But we could equally well imagine holes generated by light a x = 0 at a constant rate. The surplus hole density then will assume some distribution in space which will be constant after a short initiation time - i.e. we have steady state and a simple differential equation:
D · 2[D nh(x)]
x2
–   D nh(x)
t
=  0
The solution (for a one-dimensional bar extending from x = 0 to x = ¥) is
  = Dn(x) æ è ö ø
The length L is given by
L  = æ è ö ø
L is simply the diffusion length of the minority carriers (= holes in the example) as defined in the "simple" (but in this case accurate) introduction of life times and diffusion length.
This solution is already shown in the drawing above which also shows the direct geometrical interpretation of L.
The important point to realize is that the steady state tied to this solution can only be maintained if the hole current at x = 0 has a constant, time independent value resulting from Fick's 1st law since we have no electrical fields that could drive a current.
This gives us
 jh(x = 0) ÷ ÷
By simple differentiation of our density equation from above we obtain
¶ Dnh(x) ¶ x ÷ ÷
Insertion into the current equation yields the final result
jh(x = 0)  =   e · Dh
Lh
· Dnh(x = 0)
The physical meaning is that the hole part of the current will decrease from this value as x increases, while the total current stays constant – the remainder is taken up by the electron current.

General Band-Bending and Debye Length

The Debye length and the dielectric relaxation time are important quantities for majority carriers (corresponding to the diffusion length and the minority carrier life time for minority carriers). Let's see why this is so in this paragraph.
Both quantities are rather general and come up whenever density gradients cause currents that are counteracted by the developing electrical field.
An alternative simple treatment of the Debye length can be found in a basic module.
Let us start with the Poisson equation for an arbitrary one-dimensional semiconductor with a varying electrostatic potential V(x) caused by charges with a density r(x) distributed somehow in the material. We then have
e · e0 · d2V(x)
dx2
=  e · e0· d E(x)
dx
=   r(x)
E(x) is the electrical field strength; always minus the derivative of the potential V.
The charge r(x) at any one point can only result from our usual charged entities, which are electrons, holes, and ionized doping atoms. r(x) is always the net sum of this charges, i.e.
r(x)  =  e · æ è ö ø
The electrostatic potential V needed for the Poisson equation is now a function of x and shifts the conduction and valence band by the potential energy qV relative to some reference point for which one has V = 0. Since the band structure refers to the energy of electrons, we have that q = –e and thus may write
EC(x)  =  EC(V = 0) – e · V(x)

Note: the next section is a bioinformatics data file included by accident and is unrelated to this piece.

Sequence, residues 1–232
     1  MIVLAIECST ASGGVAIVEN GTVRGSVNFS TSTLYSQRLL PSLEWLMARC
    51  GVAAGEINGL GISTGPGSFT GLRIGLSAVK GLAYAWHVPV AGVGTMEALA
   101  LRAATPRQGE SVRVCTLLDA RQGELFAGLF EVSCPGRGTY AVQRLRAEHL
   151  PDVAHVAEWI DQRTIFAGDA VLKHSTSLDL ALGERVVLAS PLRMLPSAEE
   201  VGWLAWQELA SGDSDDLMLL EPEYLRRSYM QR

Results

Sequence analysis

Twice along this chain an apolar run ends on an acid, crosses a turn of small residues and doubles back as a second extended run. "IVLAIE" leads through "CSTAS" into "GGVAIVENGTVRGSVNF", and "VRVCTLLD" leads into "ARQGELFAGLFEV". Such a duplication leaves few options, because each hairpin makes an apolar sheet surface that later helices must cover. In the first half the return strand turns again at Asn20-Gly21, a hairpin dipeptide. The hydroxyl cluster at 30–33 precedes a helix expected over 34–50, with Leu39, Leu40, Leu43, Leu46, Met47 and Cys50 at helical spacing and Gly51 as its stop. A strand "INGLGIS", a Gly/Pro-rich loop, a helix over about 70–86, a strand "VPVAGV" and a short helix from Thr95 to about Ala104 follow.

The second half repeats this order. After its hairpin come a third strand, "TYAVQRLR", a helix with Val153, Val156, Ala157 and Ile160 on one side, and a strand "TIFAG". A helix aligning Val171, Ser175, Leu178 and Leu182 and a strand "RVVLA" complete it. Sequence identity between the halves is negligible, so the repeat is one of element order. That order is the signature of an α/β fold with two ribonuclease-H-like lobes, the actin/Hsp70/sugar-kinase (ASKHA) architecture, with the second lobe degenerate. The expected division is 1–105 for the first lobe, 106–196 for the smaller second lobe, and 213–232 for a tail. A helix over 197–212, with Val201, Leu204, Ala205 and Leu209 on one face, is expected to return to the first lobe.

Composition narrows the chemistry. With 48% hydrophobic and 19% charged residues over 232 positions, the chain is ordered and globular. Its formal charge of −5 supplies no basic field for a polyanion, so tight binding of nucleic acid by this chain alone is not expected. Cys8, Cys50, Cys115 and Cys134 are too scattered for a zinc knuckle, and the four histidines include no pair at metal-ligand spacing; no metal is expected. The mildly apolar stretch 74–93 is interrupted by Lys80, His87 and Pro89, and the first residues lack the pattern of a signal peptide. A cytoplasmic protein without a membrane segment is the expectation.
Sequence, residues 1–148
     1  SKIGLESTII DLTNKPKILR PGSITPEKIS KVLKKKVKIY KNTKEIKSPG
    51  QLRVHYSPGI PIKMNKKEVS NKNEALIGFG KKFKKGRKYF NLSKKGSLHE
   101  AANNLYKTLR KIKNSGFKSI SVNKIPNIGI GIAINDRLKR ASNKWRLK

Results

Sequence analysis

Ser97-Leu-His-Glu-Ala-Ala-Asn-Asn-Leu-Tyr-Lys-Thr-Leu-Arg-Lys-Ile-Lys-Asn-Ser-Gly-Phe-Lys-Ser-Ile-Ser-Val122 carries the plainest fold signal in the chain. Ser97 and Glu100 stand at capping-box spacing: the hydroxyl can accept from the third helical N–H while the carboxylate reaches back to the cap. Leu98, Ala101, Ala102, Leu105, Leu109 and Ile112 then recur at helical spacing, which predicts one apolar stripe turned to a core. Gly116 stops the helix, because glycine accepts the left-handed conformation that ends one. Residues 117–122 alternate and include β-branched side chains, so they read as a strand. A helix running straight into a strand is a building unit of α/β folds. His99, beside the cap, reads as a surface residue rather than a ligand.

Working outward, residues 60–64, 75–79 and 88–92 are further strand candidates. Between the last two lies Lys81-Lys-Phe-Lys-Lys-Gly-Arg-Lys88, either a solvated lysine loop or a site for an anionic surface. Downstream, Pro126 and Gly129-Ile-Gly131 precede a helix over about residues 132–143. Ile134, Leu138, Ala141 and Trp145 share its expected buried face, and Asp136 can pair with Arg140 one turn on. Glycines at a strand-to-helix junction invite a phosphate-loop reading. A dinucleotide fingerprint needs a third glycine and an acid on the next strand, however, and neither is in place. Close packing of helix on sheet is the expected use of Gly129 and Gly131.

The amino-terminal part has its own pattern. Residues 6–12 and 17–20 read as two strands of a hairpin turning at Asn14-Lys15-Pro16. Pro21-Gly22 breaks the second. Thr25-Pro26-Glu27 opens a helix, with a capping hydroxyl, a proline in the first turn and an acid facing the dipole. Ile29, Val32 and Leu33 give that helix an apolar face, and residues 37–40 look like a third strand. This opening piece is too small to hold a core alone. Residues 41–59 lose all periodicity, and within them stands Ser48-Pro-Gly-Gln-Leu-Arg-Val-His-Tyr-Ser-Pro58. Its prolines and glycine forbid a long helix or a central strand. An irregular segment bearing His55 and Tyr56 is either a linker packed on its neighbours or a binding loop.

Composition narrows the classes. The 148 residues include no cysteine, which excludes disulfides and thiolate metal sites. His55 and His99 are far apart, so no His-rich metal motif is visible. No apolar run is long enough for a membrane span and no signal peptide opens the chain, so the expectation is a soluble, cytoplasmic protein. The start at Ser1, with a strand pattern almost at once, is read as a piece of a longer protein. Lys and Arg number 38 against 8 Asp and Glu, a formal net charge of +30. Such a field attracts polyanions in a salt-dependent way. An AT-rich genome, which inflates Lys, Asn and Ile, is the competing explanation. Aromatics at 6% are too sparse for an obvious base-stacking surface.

EV(x)  =  EV(V = 0) – e · V(x)
Thereby, the Poisson equation becomes
– e · d2V(x e0 · ) dx2 æ è ö ø
If we now insert the proper equations for the four densities, we obtain a formidable differential equation that is of prime importance for semiconductor physics and devices, but not easy to solve.
However, even if we could solve the differential equation (which we most certainly cannot), it would not be of much help, because we also a need a "gut feeling" of what is going on.
The best way to visualize the basic situation is to imagine a homogeneously doped semiconductor with a fixed charge density at its surface and no net currents (think of a fictional insulating layer with infinitesimal thickness that contains some charge on its outer surface).
Carriers of the semiconducor thus can not neutralize the charge, and the surface charge will cause an electrical field which will penetrate into the semiconductor to a certain depth.
This is the most general case for disturbing the carrier density in a surface-near region and thus to induce some band-bending.
There are two distinct major situations:
1. The surface charge has the same polarity as the majority carriers in the semiconductor, thus pushing them into the interior of the material.
This exposes the ionized dopant atoms with opposite charge and a large space charge layer (SCR) will built up. This is also called the depletion case.
The SCR is large because the dopant density is low and the dopant atoms cannot move to the interface. Many dopant atoms have to be "exposed" to be able to compensate the surface charge; the field can penetrate for a considerable distance.
However: In contrast to what we learned about SCRs in p–n junctions, even for large fields (corresponding to large reverse voltages at a junction), the Fermi energy is EF still constant (currents are not possible). The bands are still bent, however, this means that ECEF incrases in the direction toards the surface.
If the majority carrier density then is becoming very small in surface-near regions (it scales with exp[– (ECEF )/(kT)] after all), the minority carrier density increases due to the mass action law until minority carriers become the majority – we have the case of inversion .
2. The surface charge has the opposite polarity as the majority carriers in the semiconductor, thus accumulating them at the surface-near region of the material.